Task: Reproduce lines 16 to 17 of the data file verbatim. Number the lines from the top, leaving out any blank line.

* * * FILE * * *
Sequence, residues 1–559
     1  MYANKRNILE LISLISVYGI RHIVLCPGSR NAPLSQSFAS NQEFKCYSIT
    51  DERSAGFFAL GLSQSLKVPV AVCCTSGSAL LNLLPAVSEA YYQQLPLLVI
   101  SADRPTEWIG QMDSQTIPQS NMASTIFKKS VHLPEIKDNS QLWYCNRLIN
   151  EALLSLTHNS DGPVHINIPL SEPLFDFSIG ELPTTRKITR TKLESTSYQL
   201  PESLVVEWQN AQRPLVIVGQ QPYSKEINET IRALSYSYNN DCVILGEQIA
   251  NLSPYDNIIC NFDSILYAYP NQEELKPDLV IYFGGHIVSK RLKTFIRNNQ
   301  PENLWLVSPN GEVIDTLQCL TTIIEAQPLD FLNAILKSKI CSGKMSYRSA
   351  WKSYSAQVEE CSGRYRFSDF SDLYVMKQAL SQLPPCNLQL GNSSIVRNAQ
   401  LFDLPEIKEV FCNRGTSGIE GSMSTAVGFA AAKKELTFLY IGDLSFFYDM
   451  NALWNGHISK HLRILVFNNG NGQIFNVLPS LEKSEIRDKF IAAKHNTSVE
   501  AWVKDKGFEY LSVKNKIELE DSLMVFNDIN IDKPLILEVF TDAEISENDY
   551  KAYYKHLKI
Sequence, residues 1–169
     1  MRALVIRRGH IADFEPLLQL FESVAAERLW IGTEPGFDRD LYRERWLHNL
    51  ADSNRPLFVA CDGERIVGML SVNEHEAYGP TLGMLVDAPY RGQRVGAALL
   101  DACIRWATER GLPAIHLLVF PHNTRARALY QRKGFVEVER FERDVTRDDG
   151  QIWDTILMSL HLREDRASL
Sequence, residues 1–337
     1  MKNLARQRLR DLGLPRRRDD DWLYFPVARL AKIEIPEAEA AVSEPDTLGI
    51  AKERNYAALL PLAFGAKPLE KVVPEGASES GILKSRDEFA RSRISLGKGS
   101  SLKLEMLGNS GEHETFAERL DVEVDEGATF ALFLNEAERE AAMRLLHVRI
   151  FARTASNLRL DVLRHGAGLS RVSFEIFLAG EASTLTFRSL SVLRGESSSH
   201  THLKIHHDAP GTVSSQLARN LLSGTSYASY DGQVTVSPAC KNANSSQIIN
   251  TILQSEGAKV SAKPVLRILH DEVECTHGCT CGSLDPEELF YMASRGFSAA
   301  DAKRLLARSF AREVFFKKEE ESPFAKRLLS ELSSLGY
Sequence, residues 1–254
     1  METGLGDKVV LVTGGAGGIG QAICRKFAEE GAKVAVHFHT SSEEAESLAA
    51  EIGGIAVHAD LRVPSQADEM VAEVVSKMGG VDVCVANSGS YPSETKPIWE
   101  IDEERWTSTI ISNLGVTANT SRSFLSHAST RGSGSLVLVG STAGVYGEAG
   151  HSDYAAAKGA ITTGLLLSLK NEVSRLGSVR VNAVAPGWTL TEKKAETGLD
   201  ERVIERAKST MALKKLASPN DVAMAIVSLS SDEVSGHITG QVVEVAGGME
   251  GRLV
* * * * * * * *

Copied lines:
    51  ADSNRPLFVA CDGERIVGML SVNEHEAYGP TLGMLVDAPY RGQRVGAALL
   101  DACIRWATER GLPAIHLLVF PHNTRARALY QRKGFVEVER FERDVTRDDG